Delhi’s air quality remained in the ‘very poor’ category (at 02:21 pm) on Thursday afternoon, with the overall air quality index (AQI) recorded at 339.
The information was shared by the ministry of earth sciences’ System of Air Quality & Weather Forecasting & Research (SAFAR) amid heightened concerns over a worsening pollution situation in the national capital region (NCR) on the occasion of Diwali as the day began on a smoggy note.
The authorities have said the crisis is only likely to get worse from here even if no crackers are burst during the festivities.
This was the third consecutive day when the capital’s air quality remained “very poor” for the second consecutive day on Wednesday.
While SAFAR has said the air quality may become ‘severe’ on November 5 and 6 if firecrackers are burnt, an official from the India Meteorological Department said model predictions do not indicate the AQI reaching the ‘severe’ category “even with higher emissions”, according to a PTI report.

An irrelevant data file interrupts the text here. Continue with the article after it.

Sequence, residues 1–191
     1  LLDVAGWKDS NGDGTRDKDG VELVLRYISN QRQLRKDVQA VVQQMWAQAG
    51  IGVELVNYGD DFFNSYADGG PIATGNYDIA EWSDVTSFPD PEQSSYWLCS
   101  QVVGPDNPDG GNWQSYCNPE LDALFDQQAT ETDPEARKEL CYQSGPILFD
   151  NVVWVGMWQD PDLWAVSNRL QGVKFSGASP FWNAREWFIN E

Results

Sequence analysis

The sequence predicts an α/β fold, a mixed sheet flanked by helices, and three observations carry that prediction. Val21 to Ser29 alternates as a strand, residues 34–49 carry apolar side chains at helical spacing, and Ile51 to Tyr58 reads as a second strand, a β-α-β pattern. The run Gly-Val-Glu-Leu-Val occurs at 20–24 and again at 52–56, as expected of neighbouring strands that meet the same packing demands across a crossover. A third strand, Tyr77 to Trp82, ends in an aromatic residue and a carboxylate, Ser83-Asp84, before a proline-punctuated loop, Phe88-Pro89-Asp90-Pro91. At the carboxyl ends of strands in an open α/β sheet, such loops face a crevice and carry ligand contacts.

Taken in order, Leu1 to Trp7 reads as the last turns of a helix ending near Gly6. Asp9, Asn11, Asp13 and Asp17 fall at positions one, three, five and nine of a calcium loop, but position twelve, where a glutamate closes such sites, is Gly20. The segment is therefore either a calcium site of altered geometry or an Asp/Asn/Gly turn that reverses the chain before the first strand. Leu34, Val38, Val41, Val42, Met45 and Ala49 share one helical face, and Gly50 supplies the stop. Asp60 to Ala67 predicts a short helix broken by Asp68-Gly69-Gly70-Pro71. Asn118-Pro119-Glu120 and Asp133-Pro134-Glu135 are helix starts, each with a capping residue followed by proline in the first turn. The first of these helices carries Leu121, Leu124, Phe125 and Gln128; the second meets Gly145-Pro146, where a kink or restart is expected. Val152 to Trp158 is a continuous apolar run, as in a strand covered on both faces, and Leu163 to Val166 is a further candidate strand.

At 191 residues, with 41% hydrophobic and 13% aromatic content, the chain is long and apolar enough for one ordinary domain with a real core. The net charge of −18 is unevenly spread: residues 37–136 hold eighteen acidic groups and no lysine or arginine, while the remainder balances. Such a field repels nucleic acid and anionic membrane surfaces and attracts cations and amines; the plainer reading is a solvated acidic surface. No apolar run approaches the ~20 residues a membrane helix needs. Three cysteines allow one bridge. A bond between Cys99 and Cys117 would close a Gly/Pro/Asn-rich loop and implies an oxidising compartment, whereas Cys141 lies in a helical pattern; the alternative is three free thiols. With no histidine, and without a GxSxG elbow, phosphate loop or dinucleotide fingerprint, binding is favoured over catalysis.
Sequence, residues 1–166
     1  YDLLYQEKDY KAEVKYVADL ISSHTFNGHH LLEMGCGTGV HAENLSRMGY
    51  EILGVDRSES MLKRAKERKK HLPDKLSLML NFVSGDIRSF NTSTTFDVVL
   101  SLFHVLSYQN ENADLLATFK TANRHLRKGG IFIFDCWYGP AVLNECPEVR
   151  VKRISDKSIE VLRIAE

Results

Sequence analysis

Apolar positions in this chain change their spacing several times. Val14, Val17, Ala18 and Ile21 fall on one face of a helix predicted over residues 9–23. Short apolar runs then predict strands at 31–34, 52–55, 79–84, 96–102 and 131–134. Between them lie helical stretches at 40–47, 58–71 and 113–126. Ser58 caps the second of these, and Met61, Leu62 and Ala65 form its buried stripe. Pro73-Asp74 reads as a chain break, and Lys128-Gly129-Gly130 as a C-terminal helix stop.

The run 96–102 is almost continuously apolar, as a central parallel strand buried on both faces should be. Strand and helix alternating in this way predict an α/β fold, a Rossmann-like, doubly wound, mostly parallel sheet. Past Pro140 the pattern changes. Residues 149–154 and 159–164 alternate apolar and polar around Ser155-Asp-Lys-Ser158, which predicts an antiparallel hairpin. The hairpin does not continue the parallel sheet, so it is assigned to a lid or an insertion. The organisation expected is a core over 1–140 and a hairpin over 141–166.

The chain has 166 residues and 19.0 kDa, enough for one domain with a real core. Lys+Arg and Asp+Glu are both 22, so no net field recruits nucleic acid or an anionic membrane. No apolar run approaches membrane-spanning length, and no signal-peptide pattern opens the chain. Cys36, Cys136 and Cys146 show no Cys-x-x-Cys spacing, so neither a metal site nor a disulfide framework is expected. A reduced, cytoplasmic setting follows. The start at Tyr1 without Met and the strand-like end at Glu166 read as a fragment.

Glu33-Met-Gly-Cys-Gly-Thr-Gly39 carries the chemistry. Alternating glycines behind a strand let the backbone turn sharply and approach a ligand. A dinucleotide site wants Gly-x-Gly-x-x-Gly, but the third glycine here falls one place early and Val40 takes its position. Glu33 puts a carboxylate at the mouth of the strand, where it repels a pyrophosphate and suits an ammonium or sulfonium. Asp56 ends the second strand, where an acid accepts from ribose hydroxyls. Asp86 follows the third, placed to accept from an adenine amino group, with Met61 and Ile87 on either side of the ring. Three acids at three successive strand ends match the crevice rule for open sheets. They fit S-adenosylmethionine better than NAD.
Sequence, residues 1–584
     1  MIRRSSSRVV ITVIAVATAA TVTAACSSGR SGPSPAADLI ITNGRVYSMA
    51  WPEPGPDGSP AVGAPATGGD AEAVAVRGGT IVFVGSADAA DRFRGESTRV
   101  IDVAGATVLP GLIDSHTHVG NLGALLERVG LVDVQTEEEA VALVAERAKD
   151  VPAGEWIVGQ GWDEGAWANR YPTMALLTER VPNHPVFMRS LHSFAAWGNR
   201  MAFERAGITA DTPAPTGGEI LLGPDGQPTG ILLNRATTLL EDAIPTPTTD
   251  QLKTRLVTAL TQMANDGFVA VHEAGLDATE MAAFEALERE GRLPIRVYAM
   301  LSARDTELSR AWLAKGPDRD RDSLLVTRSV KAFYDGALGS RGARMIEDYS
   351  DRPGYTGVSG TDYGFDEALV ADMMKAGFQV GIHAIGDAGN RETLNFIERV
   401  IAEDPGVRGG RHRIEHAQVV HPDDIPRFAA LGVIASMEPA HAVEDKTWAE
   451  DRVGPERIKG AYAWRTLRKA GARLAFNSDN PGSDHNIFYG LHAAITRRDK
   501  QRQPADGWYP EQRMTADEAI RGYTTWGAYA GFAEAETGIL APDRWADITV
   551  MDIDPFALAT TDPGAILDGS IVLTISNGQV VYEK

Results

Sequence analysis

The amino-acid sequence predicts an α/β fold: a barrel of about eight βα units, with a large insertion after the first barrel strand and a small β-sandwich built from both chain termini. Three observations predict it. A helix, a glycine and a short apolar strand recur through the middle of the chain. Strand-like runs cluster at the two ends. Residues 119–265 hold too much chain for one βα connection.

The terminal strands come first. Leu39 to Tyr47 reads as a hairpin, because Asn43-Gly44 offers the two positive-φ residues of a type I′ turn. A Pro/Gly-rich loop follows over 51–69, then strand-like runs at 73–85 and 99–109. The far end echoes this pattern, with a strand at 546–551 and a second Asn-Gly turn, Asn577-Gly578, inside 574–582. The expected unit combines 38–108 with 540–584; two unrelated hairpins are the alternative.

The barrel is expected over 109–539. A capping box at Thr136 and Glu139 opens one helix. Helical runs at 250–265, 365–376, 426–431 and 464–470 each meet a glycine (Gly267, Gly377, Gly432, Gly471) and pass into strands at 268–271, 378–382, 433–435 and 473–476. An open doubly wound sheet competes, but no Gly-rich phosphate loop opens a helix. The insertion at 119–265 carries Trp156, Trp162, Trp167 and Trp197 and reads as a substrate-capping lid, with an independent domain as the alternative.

According to the Central Pollution Control Board, the capital recorded a 24-hour average air quality index (AQI) of 314 on Wednesday, 303 on Tuesday and 281 on Monday.
The neighbouring cities of Faridabad (337), Gurgaon (330), Ghaziabad (353) and Noida (327) also recorded very poor air quality on Wednesday.
An AQI between zero and 50 is considered ‘good’, 51 and 100 ‘satisfactory’, 101 and 200 ‘moderate’, 201 and 300 ‘poor’, 301 and 400 ‘very poor’, and 401 and 500 ‘severe’.
On Wednesday, SAFAR said 3,271 farm fires accounted for eight per cent of Delhi’s PM2.5 pollution on Wednesday. It is likely to increase to 20 per cent on Thursday and further to 35 to 40 per cent on Friday and Saturday with the wind direction changing to northwest, it said.
Northwesterly winds carry smoke from farm fires in Punjab and Haryana towards the national capital.
(With inputs from agencies)